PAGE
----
Release Date: 1986

Label: Deutsche Grammophon

Producers: Hanno Rinke / Karl-August Naegler

Recording place: Salle de Musique, La Chaux de Fonds

Total playing time: CD [56:16]

Copyright: © 1986 Deutsche Grammophon



Interpreters of Bach in our day meet with problems apart from those of establishing the authentic musical text and presenting it in a stylistically irreproachable manner. In the case of a number of his compositions it is difficult to discover the significance of the title which he gave a work, or to make it comprehensible to modern listeners.
It was certainly not Bach who gave the six Suites with the BWV numbers 812–17 the title “French”. Nor is this descriptive term clearly justified by the structure of each of these six collections of dances, but there is a noticeable contrast to the so-called “English” Suites (BWV 806–11): an Allemande begins each of the French Suites yet is pre-ceded by a Prelude in all the English Suites. These Preludes – extensive and virtuosic – are capable of creating a sense of irresistible excitement in the listener, and this is certainly the case here in the performances by Ivo Pogorelich of the English Suites. What is, however, intrinsically “English” in these Preludes, and what – the very question seems absurd – is “English” in the Allemandes, Courantes, Gavottes, Bourrees and Gigues which follow? The second Gavotte of the Suite in G minor bears the more detailed title “ou la Musette”, a description which musicologists treat with some reserve because in order to satisfy English taste Bach would have been expected to use the expression “ou la cornemuse”. As the bagpipe is not, however, referred to at all in any of the English Suites, players and listeners have to look elsewhere for an explanation of this nomenclature, and there are two facts which appear to be helpful in this respect. Stylistically there are points of contact with a harpsichord suite in A major by George Frideric Handel; its appearance in 1720 – two years before Bach completed his suites at Cöthen – had aroused interest not only in England but also on the continent. The name of Charles Dieu-part is also sometimes mentioned in connection with the solution of the problems posed by Bach’s suites. Similarities in construction, and also at times between themes, can be shown to exist between these works of Bach and a piece by Dieu-part, a French-born composer who was living in London. Relationships of this kind are, however, no rarity in the musical life of the 18th century, when views on parodying, even to the point of plagiarism, and the fresh use of another composer’s ideas, were quite different – and above all less censorious – than those held today.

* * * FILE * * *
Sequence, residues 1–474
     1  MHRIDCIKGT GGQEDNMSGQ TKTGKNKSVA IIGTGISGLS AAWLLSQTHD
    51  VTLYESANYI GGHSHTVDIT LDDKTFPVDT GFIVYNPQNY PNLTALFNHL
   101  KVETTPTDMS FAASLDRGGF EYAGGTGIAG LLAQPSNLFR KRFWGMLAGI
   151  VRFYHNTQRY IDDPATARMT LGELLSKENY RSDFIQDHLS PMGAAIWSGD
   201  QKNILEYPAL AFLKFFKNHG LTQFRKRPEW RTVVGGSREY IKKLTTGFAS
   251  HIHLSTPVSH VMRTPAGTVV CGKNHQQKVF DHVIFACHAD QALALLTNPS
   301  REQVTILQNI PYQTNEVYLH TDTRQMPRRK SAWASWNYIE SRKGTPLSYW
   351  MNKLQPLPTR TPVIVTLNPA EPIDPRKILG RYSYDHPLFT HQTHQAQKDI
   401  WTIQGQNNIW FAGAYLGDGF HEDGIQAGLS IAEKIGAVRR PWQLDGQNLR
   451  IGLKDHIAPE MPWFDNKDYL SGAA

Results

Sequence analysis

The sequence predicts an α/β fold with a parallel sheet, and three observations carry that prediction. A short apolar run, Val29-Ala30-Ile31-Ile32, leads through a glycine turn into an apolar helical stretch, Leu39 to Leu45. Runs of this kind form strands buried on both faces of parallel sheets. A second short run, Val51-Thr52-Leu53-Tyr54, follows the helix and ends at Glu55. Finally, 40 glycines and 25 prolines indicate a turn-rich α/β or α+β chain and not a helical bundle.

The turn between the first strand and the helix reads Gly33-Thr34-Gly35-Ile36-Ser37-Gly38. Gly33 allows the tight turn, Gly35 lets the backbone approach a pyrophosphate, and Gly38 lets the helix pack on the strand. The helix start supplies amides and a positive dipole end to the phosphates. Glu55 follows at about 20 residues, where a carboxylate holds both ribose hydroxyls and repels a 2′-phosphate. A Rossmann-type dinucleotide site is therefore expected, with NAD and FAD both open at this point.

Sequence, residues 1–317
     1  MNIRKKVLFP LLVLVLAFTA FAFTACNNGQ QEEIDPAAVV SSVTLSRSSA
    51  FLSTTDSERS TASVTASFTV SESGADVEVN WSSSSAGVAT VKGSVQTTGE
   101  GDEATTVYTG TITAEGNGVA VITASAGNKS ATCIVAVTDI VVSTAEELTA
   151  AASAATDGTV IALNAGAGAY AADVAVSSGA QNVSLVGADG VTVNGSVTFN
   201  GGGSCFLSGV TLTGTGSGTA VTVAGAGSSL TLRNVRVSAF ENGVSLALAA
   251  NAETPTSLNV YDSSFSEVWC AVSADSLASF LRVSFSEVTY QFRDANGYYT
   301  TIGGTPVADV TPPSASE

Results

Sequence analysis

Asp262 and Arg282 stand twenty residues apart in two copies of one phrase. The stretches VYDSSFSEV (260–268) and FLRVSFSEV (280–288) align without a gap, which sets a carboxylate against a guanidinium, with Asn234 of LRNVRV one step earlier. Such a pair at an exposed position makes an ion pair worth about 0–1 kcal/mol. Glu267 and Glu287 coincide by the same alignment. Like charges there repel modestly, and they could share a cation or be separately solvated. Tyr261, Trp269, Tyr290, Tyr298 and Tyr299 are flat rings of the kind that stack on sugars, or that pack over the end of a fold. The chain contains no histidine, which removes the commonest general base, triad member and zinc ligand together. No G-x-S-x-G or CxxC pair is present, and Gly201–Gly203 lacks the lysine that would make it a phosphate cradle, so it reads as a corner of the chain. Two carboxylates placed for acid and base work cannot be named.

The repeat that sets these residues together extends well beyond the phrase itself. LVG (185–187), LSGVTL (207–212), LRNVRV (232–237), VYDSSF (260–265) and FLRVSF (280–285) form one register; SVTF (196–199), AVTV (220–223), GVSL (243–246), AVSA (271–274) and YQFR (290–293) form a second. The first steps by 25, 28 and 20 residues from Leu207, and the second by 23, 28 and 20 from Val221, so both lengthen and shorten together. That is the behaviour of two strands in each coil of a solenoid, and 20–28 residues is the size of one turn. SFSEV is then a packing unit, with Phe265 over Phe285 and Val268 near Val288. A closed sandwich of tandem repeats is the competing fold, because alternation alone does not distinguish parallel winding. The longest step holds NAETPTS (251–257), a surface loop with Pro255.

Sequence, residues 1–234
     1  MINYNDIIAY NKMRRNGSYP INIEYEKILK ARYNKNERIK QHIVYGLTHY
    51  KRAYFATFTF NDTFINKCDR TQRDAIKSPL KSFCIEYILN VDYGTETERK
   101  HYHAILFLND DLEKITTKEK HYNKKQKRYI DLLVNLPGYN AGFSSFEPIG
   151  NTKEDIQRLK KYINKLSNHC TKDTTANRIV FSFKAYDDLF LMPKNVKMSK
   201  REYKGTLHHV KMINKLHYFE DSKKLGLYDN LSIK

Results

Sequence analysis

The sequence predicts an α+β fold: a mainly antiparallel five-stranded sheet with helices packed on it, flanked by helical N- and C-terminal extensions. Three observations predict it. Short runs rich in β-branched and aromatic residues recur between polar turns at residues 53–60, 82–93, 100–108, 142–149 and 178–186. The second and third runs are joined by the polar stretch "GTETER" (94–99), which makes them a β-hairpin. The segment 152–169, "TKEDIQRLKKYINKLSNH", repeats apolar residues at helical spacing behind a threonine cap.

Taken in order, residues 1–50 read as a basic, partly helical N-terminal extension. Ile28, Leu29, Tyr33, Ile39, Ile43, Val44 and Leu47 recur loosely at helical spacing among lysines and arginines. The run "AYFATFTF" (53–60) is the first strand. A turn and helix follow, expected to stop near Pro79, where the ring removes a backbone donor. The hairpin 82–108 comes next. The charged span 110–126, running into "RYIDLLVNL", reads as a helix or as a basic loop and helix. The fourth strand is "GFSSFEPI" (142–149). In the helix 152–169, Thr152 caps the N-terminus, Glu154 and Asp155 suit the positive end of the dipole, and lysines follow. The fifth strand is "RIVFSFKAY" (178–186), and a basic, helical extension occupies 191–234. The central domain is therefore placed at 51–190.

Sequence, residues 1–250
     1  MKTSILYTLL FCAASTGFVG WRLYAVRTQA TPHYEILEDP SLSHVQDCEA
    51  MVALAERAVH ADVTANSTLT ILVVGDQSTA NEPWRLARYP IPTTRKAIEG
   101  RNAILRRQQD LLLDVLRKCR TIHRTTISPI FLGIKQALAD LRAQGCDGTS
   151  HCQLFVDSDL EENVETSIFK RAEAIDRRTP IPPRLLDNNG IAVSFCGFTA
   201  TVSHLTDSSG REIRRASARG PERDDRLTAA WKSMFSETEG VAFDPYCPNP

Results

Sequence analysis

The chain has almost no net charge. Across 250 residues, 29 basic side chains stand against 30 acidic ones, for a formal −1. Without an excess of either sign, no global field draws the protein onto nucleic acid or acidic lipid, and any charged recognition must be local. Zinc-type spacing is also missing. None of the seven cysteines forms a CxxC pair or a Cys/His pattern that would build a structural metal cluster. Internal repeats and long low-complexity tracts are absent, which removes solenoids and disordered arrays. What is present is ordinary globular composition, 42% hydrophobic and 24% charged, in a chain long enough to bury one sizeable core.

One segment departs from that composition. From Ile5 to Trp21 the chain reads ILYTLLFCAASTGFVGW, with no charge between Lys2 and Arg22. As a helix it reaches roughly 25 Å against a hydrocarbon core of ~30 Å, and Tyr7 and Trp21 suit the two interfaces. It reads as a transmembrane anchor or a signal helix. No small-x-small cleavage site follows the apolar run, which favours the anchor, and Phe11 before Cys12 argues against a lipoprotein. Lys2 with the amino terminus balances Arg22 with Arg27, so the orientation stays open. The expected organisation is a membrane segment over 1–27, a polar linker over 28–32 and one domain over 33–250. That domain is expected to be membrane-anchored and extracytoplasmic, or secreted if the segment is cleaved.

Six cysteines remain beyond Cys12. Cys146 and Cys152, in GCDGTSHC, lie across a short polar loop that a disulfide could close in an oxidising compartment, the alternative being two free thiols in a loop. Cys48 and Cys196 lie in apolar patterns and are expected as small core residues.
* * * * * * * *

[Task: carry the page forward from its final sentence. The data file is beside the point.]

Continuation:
During his years as a composer of secular music at Cöthen Bach combined abstract polyphonic writing with the use of strong rhythms rooted in popular music, and embellished his chosen melodic material with exuberant ornamentation. Wilhelm Friedemann Bach’s description of his father’s playing gives a clue to the nature of such music: the self-willed son praised Bach’s artistry at a keyboard instrument as “elegant, delicate and agreeable” – and he probably omitted to mention his father’s unobtrusive dexterity – today we would call it virtuosity – only because it was taken for granted. This is no less true of Ivo Pogorelich when with unbounded élan he executes the semiquaver (16th-note) patterns which make up the 164 bars of the Prelude in the Suite in A minor in an “elegant, delicate and agreeable” manner, but at the same time with that powerful sense of forward motion which is a feature of many of Bach’s instrumental pieces — and which is ignored only by performers who are unable to overcome the technical problems which these pieces present. The élan of sheer motor energy is a valid aspect of musical expression. As a contrast to the courtly dignity of the Sarabandes and to the restrained Allemandes, it has an important dramaturgical function in all six English Suites.
There remains the question of how the printed musical text is to be interpreted in detail – without the reassuring safety-net of a continuous performing tradition. Various manuscript copies made by pupils of Johann Sebastian Bach demonstrate the fact that every interpreter was allowed, and even expected, to decorate the music in accordance with his own taste, so that every performance included a creative element. Anyone who censures a pianist of our day for stamping his own personality on period music should bear in mind the latitude which was formerly allowed to performers. The choice of instrument – in this case a modern concert grand piano – belongs, as do all improvisatory additions to the musical text, to the controversial sphere of each individual’s search for artistic truth.”

© Peter Cone / Deutsche Grammophon